The Bank Policy Institute (BPI)1 welcomes the opportunity to comment on the SEC’s notice of proposed rulemaking regarding amendments to the SEC’s rules under the Securities Act of 1933 and Securities Exchange Act of 1934 that would require registrants to provide certain climate-related information2 in their registration statements and annual reports. We previously expressed our views on the SEC’s climate disclosure efforts in our June 9, 2021 comment letter responding to the SEC’s March 15, 2021 request for public input on climate disclosures and have included that letter as Annex 1.3
I. Executive Summary
BPI’s member organizations are actively engaged in assessing climate-related financial risks and are working to integrate climate-related risks into their risk management and disclosure frameworks.
Many BPI member banking organizations publish extensive climate-related disclosures, including via their websites and through voluntary reports or through reporting required by international regulators. These actions are part of a trend by registrants to increasingly and voluntarily disclose climate-related information that goes beyond any material climate disclosures already included in registrants’ SEC-filed reports in an effort to be responsive to requests from investors, consumers, employees, and international authorities. We expect this trend would continue even absent SEC action on climate disclosures. For such disclosures to be meaningful to investors, however, they need to be consistent and comparable to each other and to international climate disclosure standards, which the SEC can help drive through a more standardized reporting framework. As a result, BPI supports efforts by the SEC to promote consistency, comparability, and reliability of these disclosures, while maintaining the SEC’s traditional approach of principles-based, rather than overly detailed, disclosure requirements.
We provide recommendations below for how the SEC can better calibrate the final rule to achieve its objectives. The following recommendations cover the priority topics for BPI member banks:
- The Regulation S-X financial reporting requirements are largely inoperable, will not result in useful disclosure for investors, and should be removed or, at a minimum, significantly narrowed. There are a host of practical problems that would make compliance with the proposal’s financial reporting requirements infeasible, and any resulting disclosure would not be useful for investors. At this stage, disclosures of material climate-related financial impacts should be primarily qualitative and provided in the Management’s Discussion and Analysis (MD&A) section of Form 10-K filings. If the SEC wishes to consider climate-related financial reporting in the future (e.g., for “transition activities”), it should go through the standard Financial Accounting Standards Board (FASB) process to determine how to do so. If the SEC decides to retain a financial reporting requirement, the proposal should be narrowed significantly to only require material quantitative disclosures in aggregate that are easily observable for defined severe weather events for both the financial impact and expenditure metrics, given that producing disclosures for transition activities would require myriad assumptions and would not result in useful information for investors.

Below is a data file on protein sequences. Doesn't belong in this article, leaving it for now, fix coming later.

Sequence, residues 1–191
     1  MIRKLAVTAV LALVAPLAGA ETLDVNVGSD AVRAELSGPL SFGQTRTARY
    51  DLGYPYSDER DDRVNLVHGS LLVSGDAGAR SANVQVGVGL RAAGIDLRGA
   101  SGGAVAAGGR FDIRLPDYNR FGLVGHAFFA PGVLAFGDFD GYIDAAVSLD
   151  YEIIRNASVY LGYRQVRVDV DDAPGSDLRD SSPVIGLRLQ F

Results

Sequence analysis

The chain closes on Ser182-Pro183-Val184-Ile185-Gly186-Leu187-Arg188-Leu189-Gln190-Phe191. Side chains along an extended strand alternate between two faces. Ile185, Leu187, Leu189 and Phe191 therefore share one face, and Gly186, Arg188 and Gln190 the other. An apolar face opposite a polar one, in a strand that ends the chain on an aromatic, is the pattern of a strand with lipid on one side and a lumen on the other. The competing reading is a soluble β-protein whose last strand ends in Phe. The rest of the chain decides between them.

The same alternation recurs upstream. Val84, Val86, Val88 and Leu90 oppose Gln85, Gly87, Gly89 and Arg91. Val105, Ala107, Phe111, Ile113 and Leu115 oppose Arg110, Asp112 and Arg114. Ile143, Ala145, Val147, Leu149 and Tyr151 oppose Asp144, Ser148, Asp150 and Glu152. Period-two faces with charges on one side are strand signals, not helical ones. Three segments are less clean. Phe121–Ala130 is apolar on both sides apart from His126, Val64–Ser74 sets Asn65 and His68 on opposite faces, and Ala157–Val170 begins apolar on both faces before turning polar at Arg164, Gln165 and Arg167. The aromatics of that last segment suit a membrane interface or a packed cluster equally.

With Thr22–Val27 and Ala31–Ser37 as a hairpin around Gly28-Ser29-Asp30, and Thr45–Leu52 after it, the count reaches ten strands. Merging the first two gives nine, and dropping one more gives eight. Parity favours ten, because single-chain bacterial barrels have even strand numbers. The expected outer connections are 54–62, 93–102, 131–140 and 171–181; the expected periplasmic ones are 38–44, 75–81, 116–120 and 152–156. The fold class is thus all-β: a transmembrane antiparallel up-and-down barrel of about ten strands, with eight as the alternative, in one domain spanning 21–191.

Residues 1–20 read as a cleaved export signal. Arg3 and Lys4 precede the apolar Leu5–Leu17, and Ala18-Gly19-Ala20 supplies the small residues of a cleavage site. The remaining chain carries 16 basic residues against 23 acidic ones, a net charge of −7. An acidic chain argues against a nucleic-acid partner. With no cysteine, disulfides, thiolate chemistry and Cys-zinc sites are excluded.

- The Scope 3 emissions disclosure requirements are overly broad as drafted and should be significantly narrowed. The proposal’s Scope 3 emissions disclosure requirements—and as particularly relevant to banking organizations, disclosure of financed emissions under Category 15 of the Greenhouse Gas (GHG) Protocol—are overly broad. They would significantly redefine the concept of materiality under the federal securities laws, as set forth in binding Supreme Court precedent. Overly broad Scope 3 emissions disclosure would not result in consistent, comparable, or reliable disclosure given the significant challenges around Scope 3 emissions data quality and availability and the continuing evolution of Scope 3 calculation methodologies, and would not result in useful information for investors. Many members are already voluntarily providing Scope 3 emissions data, where possible, in their sustainability reports. Rather than redefining the securities laws and violating long-standing legal and market concepts, the SEC should encourage Scope 3 emissions disclosures outside of the SEC reporting documents. Moving in that direction would encourage more robust climate risk disclosures at an appropriate pace as the quality and availability of information increases. If the SEC retains the Scope 3 emissions disclosure requirements, the SEC should significantly narrow the requirements, including by tailoring them to registrants’ material climate commitments and goals, which have primarily focused on high-emissions sectors. Furthermore, to the extent the proposed Scope 3 disclosure requirements are included in any final rule—even if in a narrower form—the SEC should provide for a longer transition period of at least two years from the rule’s final effective date.
- The risk management aspects of the proposal should be modified so that they do not front-run, and are consistent with, ongoing efforts by the federal banking regulators. Banking organizations are subject to federal prudential regulation by the Federal Reserve, the Office of the Comptroller of the Currency, and the Federal Deposit Insurance Corporation (collectively, the prudential regulators). The prudential regulators have been working both domestically and internationally over the past year to develop guidance and expectations for banks with regard to risk management, governance, and climate scenario analysis—with consultations currently outstanding.4 Given the extensive work that is underway by the prudential regulators, any climate change disclosure regime applicable to banking organizations should recognize the supervisory objectives and early stage of these efforts and not front-run the prudential process.